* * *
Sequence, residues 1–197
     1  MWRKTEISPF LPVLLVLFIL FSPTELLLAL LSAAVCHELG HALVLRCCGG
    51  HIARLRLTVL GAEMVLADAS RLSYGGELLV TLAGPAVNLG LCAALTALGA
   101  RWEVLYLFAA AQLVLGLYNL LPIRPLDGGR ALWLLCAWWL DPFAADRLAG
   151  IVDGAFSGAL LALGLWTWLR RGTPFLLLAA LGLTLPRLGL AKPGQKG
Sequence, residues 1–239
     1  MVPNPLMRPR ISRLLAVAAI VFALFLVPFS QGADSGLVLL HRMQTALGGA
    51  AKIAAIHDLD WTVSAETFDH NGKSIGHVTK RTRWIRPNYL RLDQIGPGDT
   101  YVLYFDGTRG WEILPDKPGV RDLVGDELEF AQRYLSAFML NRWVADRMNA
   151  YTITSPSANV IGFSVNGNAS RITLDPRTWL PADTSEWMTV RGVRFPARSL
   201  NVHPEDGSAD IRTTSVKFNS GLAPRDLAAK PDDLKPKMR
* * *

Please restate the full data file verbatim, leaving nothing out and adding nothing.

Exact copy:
Sequence, residues 1–197
     1  MWRKTEISPF LPVLLVLFIL FSPTELLLAL LSAAVCHELG HALVLRCCGG
    51  HIARLRLTVL GAEMVLADAS RLSYGGELLV TLAGPAVNLG LCAALTALGA
   101  RWEVLYLFAA AQLVLGLYNL LPIRPLDGGR ALWLLCAWWL DPFAADRLAG
   151  IVDGAFSGAL LALGLWTWLR RGTPFLLLAA LGLTLPRLGL AKPGQKG
Sequence, residues 1–239
     1  MVPNPLMRPR ISRLLAVAAI VFALFLVPFS QGADSGLVLL HRMQTALGGA
    51  AKIAAIHDLD WTVSAETFDH NGKSIGHVTK RTRWIRPNYL RLDQIGPGDT
   101  YVLYFDGTRG WEILPDKPGV RDLVGDELEF AQRYLSAFML NRWVADRMNA
   151  YTITSPSANV IGFSVNGNAS RITLDPRTWL PADTSEWMTV RGVRFPARSL
   201  NVHPEDGSAD IRTTSVKFNS GLAPRDLAAK PDDLKPKMR